Better source for PROTEIN?!


#1

I follow http://diy.soylent.me/recipes/quidnycs-superfood-for-him but have my own profile and have different amounts for each ingredient. My profile is calling for 132 grams of protein. I am using 70 grams about in my daily soylent shake and i hit about 60 grams right after my workout. I enjoy the whey isolate for right after workout but am wanting to look into a cheaper source of protein for my daily soylent shake. Any ideas? I ran across this but anyone know of anything else? http://truenutrition.com/p-945-soy-protein-isolate-non-gmo-1lb.aspx?


#2

Protein will typically be the most expensive component of DIY soylent.

If using soy protein, watch out for the iron and sodium content to ensure you don’t go above your desired amounts.

When protein shopping, I make a spreadsheet where I can plug in the price, container size, serving size, and grams of protein per serving in order to automatically calculate the cost per gram of actual protein, which is really what you’re looking for.

If shopping on Amazon, be sure to look for coupon buttons – last time the cheapest option ended up being Body Fortress Whey Protein Powder in 2-pound containers thanks to a 20% off coupon. That coupon is no longer there but you might find other deals if you look around.

Official Soylent will be using rice protein, and you can find plenty of options on Amazon and elsewhere, but I haven’t found the pricing to be particularly appealing.

Here’s a company offering bulk whey protein (concentrate or isolate) for fairly good prices:
http://www.novuslifesolutions.com/WHEY-PROTEIN_c_27.html

They say shipping is free on orders above $60, so the 10-pound and up boxes would have no shipping charge. Although isolate has a higher percentage of protein than concentrate, if you crunch the numbers the concentrate comes out a fair bit cheaper in terms of cost per gram of actual protein. Concentrate contains cholesterol, though, and also might be unsuitable for those with lactose intolerance, so those might or might not be factors for you.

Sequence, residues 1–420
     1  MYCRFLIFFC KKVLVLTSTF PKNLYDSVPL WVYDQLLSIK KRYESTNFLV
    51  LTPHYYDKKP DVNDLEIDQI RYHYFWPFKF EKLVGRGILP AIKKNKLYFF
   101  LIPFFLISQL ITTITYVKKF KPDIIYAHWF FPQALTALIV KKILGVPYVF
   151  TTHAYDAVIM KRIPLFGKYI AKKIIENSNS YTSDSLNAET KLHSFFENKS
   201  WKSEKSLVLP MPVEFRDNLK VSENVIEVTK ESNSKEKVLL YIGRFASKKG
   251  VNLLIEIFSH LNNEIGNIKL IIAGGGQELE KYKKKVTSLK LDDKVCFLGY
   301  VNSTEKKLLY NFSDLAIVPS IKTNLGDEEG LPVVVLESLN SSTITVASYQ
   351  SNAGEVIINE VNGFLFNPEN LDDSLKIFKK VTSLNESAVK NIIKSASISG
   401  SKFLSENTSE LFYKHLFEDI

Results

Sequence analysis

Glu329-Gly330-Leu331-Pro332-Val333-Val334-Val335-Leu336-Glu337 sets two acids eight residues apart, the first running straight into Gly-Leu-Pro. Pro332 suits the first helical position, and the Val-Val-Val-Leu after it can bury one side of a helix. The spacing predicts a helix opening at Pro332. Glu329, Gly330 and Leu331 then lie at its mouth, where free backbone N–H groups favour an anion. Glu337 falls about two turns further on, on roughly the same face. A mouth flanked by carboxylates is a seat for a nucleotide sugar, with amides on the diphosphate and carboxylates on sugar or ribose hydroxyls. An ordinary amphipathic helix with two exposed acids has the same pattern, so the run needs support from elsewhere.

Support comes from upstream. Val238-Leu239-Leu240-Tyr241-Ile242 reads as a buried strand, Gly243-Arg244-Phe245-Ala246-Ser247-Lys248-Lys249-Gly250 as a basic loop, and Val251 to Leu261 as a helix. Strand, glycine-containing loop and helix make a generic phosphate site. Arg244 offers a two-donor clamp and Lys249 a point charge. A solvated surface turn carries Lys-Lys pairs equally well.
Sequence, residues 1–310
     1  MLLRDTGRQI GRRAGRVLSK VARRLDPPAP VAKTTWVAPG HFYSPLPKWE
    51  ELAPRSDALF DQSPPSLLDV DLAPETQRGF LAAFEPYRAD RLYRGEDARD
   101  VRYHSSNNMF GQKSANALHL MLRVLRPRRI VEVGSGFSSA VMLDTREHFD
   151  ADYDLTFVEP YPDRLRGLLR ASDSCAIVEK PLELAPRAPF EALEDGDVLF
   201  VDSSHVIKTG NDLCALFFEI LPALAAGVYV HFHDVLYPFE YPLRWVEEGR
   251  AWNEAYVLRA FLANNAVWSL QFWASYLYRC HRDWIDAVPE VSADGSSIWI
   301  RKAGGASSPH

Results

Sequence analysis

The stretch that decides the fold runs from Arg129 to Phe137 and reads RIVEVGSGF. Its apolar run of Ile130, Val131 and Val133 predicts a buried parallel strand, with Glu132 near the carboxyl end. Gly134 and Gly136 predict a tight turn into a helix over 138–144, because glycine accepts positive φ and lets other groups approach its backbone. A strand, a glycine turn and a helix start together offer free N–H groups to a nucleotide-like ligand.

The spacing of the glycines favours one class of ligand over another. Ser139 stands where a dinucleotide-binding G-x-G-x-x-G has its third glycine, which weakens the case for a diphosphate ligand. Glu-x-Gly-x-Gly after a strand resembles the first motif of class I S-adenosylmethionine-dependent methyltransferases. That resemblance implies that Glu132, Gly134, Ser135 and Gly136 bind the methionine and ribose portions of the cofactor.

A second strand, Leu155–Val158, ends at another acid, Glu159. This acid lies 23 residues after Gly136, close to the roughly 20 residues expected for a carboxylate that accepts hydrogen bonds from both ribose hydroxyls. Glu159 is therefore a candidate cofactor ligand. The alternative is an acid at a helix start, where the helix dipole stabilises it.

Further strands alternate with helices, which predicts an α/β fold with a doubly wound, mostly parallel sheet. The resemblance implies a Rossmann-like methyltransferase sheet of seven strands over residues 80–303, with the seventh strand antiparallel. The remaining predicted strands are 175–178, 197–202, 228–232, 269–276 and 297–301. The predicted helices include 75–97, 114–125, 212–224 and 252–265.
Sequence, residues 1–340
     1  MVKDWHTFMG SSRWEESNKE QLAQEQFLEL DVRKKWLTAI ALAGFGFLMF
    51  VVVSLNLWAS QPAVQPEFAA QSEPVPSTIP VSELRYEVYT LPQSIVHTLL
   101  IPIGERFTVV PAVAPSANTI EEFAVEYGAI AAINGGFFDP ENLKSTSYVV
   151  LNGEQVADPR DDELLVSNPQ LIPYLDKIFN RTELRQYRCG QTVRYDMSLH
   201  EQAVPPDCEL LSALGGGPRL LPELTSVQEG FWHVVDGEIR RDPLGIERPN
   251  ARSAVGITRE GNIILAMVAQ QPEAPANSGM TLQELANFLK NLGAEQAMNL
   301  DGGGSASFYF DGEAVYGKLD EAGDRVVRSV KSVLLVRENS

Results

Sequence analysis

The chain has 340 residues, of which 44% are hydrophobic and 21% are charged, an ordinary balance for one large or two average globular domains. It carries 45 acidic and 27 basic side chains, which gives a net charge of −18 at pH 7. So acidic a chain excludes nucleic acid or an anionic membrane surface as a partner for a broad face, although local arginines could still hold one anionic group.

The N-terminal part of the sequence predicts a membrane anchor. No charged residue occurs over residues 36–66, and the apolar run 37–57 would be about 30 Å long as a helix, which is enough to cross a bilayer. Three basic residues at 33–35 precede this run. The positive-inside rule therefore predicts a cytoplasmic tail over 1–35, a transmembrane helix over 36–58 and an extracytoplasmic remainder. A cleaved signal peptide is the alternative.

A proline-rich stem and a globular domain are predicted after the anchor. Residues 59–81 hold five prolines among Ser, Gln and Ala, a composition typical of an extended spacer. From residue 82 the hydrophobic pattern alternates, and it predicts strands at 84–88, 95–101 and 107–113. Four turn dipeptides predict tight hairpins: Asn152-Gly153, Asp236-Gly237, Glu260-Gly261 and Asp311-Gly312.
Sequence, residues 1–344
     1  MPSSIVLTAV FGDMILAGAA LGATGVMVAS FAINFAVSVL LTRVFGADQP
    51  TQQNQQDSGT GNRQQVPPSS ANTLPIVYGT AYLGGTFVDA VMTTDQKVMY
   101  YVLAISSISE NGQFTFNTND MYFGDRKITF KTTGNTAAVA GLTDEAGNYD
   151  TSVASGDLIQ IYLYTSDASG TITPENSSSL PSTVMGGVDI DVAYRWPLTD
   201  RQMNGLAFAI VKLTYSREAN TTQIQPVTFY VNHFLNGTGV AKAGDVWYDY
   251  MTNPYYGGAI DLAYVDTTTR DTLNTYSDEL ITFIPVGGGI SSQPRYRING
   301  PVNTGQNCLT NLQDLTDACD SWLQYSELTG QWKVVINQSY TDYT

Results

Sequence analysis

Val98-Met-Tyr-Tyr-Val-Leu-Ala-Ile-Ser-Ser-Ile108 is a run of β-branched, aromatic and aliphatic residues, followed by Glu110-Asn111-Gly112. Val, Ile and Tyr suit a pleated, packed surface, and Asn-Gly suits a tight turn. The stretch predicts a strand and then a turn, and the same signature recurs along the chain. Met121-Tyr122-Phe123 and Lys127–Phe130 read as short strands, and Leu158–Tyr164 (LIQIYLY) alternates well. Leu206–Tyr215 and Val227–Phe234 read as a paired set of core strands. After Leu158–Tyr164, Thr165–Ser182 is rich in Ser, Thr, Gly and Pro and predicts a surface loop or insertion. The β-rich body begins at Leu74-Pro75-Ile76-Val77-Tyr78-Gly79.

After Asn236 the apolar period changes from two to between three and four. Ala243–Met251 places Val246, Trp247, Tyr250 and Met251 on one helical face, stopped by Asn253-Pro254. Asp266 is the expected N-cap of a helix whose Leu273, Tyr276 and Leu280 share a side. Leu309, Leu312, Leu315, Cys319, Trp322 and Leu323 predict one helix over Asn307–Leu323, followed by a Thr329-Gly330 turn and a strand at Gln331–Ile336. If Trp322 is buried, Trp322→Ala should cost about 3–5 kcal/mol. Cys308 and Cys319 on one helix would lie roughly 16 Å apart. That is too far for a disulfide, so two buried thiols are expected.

Pea protein is cheap but I’ve heard mixed things about the taste and texture. It’s also not a complete protein, but this may not be a factor if you have other sources of protein.


#3

heh, if you aren’t worried about completeness of a main protein source, you can find ridiculously cheap gluten (wheat protein)…


#4

I’m using whey protein, and I needed to find a certified kosher source.
I’m currently using Nutrabio’s concentrate. It’s a decent price (<$10/lb.) and a good deal for a big bucket.


#5

So what is Wheat Protein all about? I found this: http://shop.honeyville.com/wheat-protein-isolate.html Wow its cheap…


#6

It’s gluten. Pure gluten. Used in baking for increasing the elasticity of the dough.


#7

What about hemp, pea, or… any of the others?

I just started doing my own DIY mixture based on Hacker School, and I’m finding that both whey and soy have a smell/taste that I’m not a fan of. Reminds me of… well, protein drinks. I wouldn’t mind it so much, except it lingers and I feel like I have started smelling like it. Which makes me self-concious.